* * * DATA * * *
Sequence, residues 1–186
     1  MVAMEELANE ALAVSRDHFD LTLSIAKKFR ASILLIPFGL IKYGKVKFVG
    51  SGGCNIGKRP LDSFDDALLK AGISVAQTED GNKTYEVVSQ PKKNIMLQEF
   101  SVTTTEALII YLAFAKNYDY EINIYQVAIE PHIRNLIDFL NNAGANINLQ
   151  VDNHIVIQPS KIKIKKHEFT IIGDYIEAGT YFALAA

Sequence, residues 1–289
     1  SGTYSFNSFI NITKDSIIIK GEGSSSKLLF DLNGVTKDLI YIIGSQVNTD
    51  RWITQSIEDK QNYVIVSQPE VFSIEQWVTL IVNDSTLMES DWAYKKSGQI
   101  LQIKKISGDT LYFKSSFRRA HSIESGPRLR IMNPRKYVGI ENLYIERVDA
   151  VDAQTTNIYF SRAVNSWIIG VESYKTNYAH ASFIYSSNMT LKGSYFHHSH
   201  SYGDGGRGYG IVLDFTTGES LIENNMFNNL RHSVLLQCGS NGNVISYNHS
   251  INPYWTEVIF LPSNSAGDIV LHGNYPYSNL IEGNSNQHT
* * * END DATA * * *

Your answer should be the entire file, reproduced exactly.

Sequence, residues 1–186
     1  MVAMEELANE ALAVSRDHFD LTLSIAKKFR ASILLIPFGL IKYGKVKFVG
    51  SGGCNIGKRP LDSFDDALLK AGISVAQTED GNKTYEVVSQ PKKNIMLQEF
   101  SVTTTEALII YLAFAKNYDY EINIYQVAIE PHIRNLIDFL NNAGANINLQ
   151  VDNHIVIQPS KIKIKKHEFT IIGDYIEAGT YFALAA

Sequence, residues 1–289
     1  SGTYSFNSFI NITKDSIIIK GEGSSSKLLF DLNGVTKDLI YIIGSQVNTD
    51  RWITQSIEDK QNYVIVSQPE VFSIEQWVTL IVNDSTLMES DWAYKKSGQI
   101  LQIKKISGDT LYFKSSFRRA HSIESGPRLR IMNPRKYVGI ENLYIERVDA
   151  VDAQTTNIYF SRAVNSWIIG VESYKTNYAH ASFIYSSNMT LKGSYFHHSH
   201  SYGDGGRGYG IVLDFTTGES LIENNMFNNL RHSVLLQCGS NGNVISYNHS
   251  INPYWTEVIF LPSNSAGDIV LHGNYPYSNL IEGNSNQHT